Let’s look at a mental health study, for example, using AI to analyze patient speech patterns; participants would be informed about what data is collected and how it’s used. Data collection would be strictly limited to what’s necessary for the study, and any surveillance AI that may collect personal information and conversations under normal circumstances (i.e., at work or personal conversations with friends or relatives) would undergo rigorous privacy impact assessments to ensure patients’ conversations remain private.

Notice and Explanation

Transparency is critical in AI-driven clinical trials. Participants should be informed about the use of automated systems, including their role and impact on trial outcomes. Plain language documentation, up-to-date notices, and clear explanations of outcomes are essential. The automated systems should provide participants and operators with technically valid, meaningful, and contextually calibrated explanations. Patient and investigator reporting enhances the clarity and quality of AI applications in clinical trials​​.

For instance, in an oncology trial employing AI for tumor imaging analysis, patients would receive easy-to-understand information about how the AI works, its role in their treatment plan, and how it affects clinical decisions. Any changes in the AI system’s functionality would be promptly communicated to participants, preferably via an eConsent.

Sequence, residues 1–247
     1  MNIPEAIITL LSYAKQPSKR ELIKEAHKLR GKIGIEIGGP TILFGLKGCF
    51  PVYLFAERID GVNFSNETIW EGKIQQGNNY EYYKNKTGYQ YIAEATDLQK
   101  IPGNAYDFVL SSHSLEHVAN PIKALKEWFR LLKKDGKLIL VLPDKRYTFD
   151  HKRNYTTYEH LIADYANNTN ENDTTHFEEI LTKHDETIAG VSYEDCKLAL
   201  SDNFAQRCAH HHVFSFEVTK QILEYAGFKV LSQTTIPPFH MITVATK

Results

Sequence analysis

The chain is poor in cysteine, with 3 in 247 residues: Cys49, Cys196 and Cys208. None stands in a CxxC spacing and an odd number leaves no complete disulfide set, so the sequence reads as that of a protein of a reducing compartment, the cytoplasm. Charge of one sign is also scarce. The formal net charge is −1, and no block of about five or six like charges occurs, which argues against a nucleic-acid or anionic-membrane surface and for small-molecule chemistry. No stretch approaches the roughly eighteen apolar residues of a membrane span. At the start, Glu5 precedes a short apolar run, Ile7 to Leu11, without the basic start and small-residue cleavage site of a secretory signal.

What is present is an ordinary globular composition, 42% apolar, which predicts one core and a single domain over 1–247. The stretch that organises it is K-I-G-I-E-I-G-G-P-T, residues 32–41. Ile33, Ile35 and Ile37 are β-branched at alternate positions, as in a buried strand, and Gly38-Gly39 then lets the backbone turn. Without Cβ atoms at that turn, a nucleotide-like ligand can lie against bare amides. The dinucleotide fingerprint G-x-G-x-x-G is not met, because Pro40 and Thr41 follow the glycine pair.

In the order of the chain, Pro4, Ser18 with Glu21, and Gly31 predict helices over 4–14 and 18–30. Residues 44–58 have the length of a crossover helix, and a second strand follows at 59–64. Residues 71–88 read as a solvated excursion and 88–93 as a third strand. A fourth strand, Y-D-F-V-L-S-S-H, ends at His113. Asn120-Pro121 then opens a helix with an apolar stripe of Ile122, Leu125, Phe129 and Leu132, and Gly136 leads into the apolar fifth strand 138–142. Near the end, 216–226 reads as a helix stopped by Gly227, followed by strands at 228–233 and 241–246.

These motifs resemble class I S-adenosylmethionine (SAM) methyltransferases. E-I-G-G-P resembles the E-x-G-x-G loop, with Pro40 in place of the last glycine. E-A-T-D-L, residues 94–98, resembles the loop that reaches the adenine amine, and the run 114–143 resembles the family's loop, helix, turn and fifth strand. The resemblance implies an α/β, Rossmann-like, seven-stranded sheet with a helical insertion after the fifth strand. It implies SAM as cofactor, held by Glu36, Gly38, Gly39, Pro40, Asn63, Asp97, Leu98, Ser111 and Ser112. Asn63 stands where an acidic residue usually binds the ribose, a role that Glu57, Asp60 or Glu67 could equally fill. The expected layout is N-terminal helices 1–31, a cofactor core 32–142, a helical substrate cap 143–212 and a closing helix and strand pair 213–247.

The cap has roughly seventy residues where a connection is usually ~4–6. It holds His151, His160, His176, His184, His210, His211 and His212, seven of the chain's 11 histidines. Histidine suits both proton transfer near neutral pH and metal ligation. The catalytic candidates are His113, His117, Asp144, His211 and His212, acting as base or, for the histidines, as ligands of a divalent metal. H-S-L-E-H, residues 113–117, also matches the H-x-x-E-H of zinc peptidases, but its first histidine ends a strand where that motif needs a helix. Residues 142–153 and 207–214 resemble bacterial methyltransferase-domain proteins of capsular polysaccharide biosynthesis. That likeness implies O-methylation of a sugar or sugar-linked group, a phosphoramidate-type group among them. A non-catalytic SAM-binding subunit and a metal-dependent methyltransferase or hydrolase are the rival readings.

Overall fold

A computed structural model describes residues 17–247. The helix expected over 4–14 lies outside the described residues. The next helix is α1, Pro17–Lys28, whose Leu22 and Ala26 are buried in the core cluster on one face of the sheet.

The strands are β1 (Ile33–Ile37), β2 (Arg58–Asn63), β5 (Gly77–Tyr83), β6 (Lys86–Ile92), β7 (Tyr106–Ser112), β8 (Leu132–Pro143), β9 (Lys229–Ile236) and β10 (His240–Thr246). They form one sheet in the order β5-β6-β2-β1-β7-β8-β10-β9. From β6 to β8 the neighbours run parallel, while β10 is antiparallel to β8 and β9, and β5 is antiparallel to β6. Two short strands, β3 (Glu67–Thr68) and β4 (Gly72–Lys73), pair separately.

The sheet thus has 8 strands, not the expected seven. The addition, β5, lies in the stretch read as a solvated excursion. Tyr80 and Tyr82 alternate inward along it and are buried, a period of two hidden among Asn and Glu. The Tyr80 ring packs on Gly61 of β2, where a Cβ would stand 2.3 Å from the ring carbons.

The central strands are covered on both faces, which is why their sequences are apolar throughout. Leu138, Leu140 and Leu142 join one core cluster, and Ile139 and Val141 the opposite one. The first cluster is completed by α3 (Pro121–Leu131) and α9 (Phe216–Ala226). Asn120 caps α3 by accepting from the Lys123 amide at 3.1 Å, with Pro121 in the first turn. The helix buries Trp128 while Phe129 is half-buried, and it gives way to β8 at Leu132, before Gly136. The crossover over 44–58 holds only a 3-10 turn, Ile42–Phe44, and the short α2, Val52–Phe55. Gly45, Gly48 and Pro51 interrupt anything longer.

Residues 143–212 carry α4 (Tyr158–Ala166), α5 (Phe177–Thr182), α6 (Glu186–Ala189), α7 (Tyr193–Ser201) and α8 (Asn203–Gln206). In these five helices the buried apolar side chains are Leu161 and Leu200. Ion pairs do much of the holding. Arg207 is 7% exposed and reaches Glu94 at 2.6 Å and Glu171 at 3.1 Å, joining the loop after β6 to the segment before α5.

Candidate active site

Human Alternatives, Consideration, and Fallback

Human alternatives and fallback options are essential in AI-driven clinical trials, especially in system failure or errors. Participants should be able to opt out of automated systems in favor of human alternatives when appropriate. This approach ensures broad accessibility and protects patients from especially harmful impacts. AI systems used in sensitive domains should include human consideration for adverse or high-risk decisions. Reporting on human governance processes, timeliness, accessibility, and effectiveness should be available to clinical trial stakeholders whenever possible​​.

In a trial using AI for automated drug dosing, patients could have the option to consult a human pharmacist or doctor if they have concerns about the AI’s recommendations. In cases where the AI system fails or produces an error, a robust process would be in place for immediate human review and remedy.


Integrating the AI Bill of Rights principles into clinical trial best practices ensures the ethical use of AI and enhances the trustworthiness and reliability of clinical research. By prioritizing safety, non-discrimination, data privacy, transparency, and human-centric approaches, AI can be harnessed effectively to advance medical research while safeguarding participant rights and well-being.

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Moe Alsumidaie Chief Editor
Moe Alsumidaie is Chief Editor of The Clinical Trial Vanguard. Moe holds decades of experience in the clinical trials industry. Moe also serves as Head of Research at CliniBiz and Chief Data Scientist at Annex Clinical Corporation.